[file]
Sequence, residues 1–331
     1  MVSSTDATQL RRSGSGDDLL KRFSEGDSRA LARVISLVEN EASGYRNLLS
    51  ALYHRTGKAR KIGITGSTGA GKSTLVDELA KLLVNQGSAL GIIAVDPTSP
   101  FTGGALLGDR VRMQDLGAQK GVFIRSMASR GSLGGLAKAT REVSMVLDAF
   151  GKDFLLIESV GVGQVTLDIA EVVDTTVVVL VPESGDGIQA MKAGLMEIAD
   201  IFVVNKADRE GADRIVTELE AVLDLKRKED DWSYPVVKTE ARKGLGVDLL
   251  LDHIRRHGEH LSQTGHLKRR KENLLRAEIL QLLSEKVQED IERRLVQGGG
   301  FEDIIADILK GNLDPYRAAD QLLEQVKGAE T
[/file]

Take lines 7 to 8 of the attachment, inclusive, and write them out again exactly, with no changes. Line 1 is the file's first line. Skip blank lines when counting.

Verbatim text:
   251  LDHIRRHGEH LSQTGHLKRR KENLLRAEIL QLLSEKVQED IERRLVQGGG
   301  FEDIIADILK GNLDPYRAAD QLLEQVKGAE T